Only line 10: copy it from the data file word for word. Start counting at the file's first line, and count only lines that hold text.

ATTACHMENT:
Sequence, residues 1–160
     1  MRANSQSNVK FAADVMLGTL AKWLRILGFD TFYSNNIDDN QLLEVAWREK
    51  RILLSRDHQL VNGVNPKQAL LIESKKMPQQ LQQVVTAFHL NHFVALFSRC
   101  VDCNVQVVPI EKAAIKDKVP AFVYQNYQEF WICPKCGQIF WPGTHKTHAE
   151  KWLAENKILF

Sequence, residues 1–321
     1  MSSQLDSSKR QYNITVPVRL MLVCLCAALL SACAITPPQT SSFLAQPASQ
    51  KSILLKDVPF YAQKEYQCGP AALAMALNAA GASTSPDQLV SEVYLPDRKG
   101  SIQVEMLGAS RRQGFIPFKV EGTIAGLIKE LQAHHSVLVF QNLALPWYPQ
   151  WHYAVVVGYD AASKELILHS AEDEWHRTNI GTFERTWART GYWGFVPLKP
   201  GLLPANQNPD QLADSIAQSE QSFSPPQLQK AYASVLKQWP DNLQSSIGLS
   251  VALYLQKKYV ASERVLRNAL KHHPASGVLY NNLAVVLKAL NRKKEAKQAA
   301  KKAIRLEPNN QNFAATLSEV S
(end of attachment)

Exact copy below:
   151  WHYAVVVGYD AASKELILHS AEDEWHRTNI GTFERTWART GYWGFVPLKP